"We listened to what the MLAs were saying, and they made the error of talking publicly about what we were discussing behind closed doors, but the difference here today is that Stuart Jamieson - a cabinet minister - has made a decision that he cannot support the revised deal," Graham said.

With just seven months to go until a scheduled provincial election, Graham said there's no need for a referendum.

"Reforms like equal opportunity, and reforms like official languages - those reforms were not taken to the people in a referendum," Graham said. "It was the courage of a government of the day to see them through and today New Brunswickers have that benefit."

But Conservative Opposition Leader David Alward said Graham's Liberal government is collapsing like a house of cards.

"Over the last several days we've heard of more discontent within the Liberal caucus," Alward said Saturday. "The premier is trying to manage a crisis, and he's not managing the province."

Alward said Jamieson's resignation came as no surprise to him, and he expects other cabinet ministers will follow.

He said the premier has shown disrespect for New Brunswickers by refusing to hold a referendum, and by pressing ahead with controversial reforms to post-secondary education, French second-language training, and reforms in the health-care system.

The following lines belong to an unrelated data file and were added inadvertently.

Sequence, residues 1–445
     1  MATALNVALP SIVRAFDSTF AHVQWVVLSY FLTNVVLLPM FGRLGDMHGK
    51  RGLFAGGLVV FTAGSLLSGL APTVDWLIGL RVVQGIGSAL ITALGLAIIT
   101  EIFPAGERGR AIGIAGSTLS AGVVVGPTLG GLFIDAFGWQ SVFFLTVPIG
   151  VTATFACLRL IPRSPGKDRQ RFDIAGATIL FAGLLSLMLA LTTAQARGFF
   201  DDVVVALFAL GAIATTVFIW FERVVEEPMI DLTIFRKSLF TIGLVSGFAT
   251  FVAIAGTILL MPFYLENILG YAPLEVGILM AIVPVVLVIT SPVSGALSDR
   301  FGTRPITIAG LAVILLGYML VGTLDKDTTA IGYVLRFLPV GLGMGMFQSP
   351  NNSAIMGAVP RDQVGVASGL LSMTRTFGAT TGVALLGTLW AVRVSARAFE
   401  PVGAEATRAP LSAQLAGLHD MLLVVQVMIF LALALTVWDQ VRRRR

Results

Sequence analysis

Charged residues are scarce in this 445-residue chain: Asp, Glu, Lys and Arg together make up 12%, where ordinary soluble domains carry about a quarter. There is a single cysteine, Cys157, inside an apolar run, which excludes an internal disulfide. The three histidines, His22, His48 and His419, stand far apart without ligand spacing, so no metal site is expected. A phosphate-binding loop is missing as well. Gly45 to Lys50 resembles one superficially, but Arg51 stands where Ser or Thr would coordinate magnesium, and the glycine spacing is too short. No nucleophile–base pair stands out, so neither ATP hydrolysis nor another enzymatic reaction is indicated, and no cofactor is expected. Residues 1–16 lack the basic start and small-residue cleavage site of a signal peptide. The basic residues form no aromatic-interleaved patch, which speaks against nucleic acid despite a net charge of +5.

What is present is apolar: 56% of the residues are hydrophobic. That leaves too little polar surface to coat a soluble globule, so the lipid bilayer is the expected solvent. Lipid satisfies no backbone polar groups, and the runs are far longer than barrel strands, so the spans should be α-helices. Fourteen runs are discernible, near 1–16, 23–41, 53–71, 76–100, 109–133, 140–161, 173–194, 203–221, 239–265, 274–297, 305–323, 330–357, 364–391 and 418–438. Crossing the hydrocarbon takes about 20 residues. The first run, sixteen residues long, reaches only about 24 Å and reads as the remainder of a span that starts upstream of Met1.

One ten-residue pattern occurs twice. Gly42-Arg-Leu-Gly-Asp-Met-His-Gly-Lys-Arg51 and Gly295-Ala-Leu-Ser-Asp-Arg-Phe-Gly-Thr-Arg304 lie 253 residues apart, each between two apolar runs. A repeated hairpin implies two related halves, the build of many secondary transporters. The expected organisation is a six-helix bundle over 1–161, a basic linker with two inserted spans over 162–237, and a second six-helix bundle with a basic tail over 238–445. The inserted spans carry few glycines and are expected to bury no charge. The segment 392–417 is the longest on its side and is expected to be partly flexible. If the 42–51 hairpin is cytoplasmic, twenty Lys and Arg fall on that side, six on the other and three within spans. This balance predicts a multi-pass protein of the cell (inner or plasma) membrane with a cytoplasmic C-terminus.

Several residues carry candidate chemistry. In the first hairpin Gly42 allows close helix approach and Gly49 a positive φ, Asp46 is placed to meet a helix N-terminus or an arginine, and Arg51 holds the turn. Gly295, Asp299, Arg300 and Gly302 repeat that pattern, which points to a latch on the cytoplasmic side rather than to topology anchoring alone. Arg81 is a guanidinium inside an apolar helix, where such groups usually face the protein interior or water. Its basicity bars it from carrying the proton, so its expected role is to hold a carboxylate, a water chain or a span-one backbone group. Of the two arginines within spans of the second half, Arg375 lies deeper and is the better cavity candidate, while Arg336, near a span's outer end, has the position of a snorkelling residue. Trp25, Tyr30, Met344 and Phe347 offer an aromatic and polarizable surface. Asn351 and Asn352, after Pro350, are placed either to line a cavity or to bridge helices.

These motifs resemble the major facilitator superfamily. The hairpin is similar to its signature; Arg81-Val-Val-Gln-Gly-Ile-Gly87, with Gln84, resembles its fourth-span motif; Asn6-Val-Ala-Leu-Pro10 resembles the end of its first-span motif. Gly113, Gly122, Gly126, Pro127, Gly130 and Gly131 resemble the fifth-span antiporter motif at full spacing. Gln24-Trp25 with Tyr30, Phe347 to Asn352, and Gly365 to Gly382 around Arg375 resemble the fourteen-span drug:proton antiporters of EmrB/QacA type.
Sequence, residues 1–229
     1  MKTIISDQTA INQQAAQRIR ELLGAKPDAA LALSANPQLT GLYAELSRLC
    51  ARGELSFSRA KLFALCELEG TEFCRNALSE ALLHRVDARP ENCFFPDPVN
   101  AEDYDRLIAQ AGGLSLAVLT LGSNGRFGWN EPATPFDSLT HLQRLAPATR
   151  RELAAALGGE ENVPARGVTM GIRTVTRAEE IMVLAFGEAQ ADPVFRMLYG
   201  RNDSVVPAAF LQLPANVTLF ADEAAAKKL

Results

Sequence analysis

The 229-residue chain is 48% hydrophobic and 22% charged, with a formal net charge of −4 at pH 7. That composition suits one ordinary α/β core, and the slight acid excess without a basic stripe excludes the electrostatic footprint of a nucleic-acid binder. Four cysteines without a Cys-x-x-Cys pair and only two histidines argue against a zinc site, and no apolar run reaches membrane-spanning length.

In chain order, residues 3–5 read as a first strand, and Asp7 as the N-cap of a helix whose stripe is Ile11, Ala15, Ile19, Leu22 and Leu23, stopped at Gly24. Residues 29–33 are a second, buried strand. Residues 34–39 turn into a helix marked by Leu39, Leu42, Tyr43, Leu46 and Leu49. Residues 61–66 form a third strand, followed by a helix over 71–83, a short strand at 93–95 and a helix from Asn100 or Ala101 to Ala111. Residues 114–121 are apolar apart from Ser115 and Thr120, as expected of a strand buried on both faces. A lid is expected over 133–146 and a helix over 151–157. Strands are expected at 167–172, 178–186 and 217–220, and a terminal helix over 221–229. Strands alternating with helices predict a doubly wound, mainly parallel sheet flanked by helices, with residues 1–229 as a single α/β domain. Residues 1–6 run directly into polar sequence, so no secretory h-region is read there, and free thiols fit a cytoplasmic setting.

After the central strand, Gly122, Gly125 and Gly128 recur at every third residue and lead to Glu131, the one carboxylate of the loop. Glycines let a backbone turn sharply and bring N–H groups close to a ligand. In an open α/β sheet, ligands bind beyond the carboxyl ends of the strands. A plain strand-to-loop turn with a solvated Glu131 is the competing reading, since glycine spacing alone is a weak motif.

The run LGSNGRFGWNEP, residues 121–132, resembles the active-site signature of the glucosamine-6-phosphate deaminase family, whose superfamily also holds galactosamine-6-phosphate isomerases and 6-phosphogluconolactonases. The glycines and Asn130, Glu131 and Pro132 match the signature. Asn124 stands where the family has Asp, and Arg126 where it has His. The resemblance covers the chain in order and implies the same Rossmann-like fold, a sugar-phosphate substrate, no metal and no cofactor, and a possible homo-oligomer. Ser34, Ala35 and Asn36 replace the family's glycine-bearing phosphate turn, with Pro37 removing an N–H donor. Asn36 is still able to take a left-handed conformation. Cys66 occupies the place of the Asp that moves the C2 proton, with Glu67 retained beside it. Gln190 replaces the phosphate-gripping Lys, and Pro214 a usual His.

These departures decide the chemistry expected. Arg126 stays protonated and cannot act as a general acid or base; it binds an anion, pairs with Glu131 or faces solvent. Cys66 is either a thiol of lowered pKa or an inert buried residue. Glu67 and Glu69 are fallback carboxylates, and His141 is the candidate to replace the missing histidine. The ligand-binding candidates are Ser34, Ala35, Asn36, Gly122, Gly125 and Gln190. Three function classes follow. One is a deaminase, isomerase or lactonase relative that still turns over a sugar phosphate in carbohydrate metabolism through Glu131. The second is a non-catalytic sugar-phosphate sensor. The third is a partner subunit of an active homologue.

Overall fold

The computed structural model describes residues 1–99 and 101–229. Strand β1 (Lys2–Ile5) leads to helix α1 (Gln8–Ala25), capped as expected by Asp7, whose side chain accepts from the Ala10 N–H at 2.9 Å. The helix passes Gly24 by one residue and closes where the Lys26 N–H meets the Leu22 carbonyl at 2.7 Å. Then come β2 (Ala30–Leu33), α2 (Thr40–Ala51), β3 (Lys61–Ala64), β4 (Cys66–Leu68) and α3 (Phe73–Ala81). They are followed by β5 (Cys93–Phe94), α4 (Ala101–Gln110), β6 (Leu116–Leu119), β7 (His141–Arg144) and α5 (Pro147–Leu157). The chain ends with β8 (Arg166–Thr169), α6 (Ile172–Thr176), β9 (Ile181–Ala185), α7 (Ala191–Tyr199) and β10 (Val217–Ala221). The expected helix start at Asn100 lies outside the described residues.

Jamieson is the third minister to quit Graham's cabinet in the last seven months. Mike Murphy and T.J. Burke have returned to their law practices.

Jamieson's departure is the first resignation linked to the controversial power deal.

Graham said lawyers are working on the final wording of the agreement and the necessary legislation, and he plans to sign a final agreement with Quebec by the end of March.


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PostPosted: Sat Feb 13, 2010 3:09 pm    Post subject: Reply with quote

'Political damage is huge'

Published Monday February 8th, 2010
Trouble | Liberals face tough opposition to power deal

)The Jamieson revolt against the $3.2-billion NB Power deal is the most significant move yet in the political saga that has gripped the province for months, says University of New Brunswick political scientist Don Desserud.